Photos from the ongoing police-protester standoff in Oakland right now. All of the photos were taken by Intifada Tent, a Twitter user currently live-tweeting from Oakland. The tear gas canister pictured above is, according to @IntifadaTent, the same brand used by the Israeli military.
We can’t tell people not to protest (pesky constitution!) so let’s just scare them into not protesting:
Predictable enough now that torture is a human right, imprisonment without trial is the noble work of our Constitutional Scholar in Chief, and wars are a nutritious part of your breakfast:
Sergio Ballesteros, 30, has been involved in Occupy LA since the movement had its California launch in October. But this week, his activism took an abrupt turn when he was arrested on a felony charge — lynching.
Under the California penal code, lynching is “taking by means of a riot of any person from the lawful custody of any peace officer,” where “riot” is defined as two or more people threatening violence or disturbing the peace. The original purpose of the legal code section 405(a) was to protect defendants in police custody from vigilante mobs — especially black defendants from racist groups.
Whether the police allegation in this case will be pursued by by California’s courts is uncertain. But the felony charge — which carries a potential four-year prison sentence — is the kind of accusation that can change the landscape for would-be demonstrators.
Over time, the wave of mobilizations that first hit the shores of the Mediterranean and extended outwards over the course of 2011 has overcome its initial, expressive phase. This phase managed to substitute the dominant narrative with our own. We now know that the problem is not some mysterious technical failure we call a crisis, but the intentional crimes of a cleptocracy.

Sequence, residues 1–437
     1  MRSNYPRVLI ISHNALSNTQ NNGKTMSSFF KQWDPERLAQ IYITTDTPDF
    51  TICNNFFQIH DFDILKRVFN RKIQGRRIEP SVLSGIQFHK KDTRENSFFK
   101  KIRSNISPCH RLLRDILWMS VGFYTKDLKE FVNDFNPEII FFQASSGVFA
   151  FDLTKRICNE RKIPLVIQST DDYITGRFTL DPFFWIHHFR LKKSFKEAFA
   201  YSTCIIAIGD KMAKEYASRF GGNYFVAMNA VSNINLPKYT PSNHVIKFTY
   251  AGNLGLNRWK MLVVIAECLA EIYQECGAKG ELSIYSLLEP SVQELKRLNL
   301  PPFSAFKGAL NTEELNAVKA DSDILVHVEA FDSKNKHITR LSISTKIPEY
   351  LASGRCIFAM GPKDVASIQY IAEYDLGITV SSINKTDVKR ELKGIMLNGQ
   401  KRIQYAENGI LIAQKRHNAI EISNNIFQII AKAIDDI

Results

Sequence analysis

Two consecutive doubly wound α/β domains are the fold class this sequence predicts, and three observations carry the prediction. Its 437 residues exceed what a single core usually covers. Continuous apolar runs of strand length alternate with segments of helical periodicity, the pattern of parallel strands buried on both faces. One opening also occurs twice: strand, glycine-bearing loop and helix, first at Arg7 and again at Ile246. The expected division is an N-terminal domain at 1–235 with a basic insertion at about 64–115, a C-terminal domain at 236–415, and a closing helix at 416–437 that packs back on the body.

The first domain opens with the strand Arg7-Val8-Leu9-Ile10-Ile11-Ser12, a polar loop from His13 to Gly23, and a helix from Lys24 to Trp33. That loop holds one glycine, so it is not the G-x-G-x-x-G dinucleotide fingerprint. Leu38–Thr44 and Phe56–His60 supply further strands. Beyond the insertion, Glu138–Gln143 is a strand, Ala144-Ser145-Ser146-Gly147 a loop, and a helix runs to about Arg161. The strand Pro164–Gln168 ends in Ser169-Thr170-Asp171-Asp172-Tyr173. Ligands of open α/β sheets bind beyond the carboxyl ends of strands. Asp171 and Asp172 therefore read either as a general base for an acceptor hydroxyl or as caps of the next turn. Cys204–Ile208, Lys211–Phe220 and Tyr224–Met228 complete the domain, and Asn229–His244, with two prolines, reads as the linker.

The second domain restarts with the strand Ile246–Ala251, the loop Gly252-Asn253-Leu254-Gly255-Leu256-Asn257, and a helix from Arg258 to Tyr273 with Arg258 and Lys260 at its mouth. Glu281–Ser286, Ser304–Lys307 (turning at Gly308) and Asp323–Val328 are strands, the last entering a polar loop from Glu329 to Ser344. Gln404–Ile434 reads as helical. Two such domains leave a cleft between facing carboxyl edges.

This distinction is crucial: while the first suggests a management dilemma that opposes left- and right-wing approaches to the crisis, the second draws a line between the 1 percent who abuse power in order to steal from the people and those who refuse to consent and choose to resist in the name of the other 99 percent.
Having reached this point, the obvious question becomes, “Now what?” Of course we should continue to protest together, especially if we choose to do so intermittently and massively, favouring a general critique of the system over particular causes. And at the smaller scale, that those specific struggles continue to take the streets is also desirable.
However, it is fundamentally important that these struggles are not overly disconnected from one another or the more general movement; that they unfold beyond their own spaces (hospitals, schools, factories, offices and so on) and into the broader metropolitan spaces of cleptocratic dominance. These processes serve to keep the questions that guide the movement alive and, therefore, adapting to the always changing situations in which they operate. Yet the question of what alternatives we can provide remains.
In an OWS Era, Americans Are Much More Aware of Class Tension
It looks like Occupy Wall Street’s message has resonated even after Zuccotti Park cleared out. A new Pew Research Center survey reveals that two-thirds of the public believes there are “very strong” or “strong” conflicts between America’s rich and poor—a number that’s up 19 percentage points since 2009. According to the survey, income inequality now trumps tensions arising from race or immigration—popular answers only a few years before.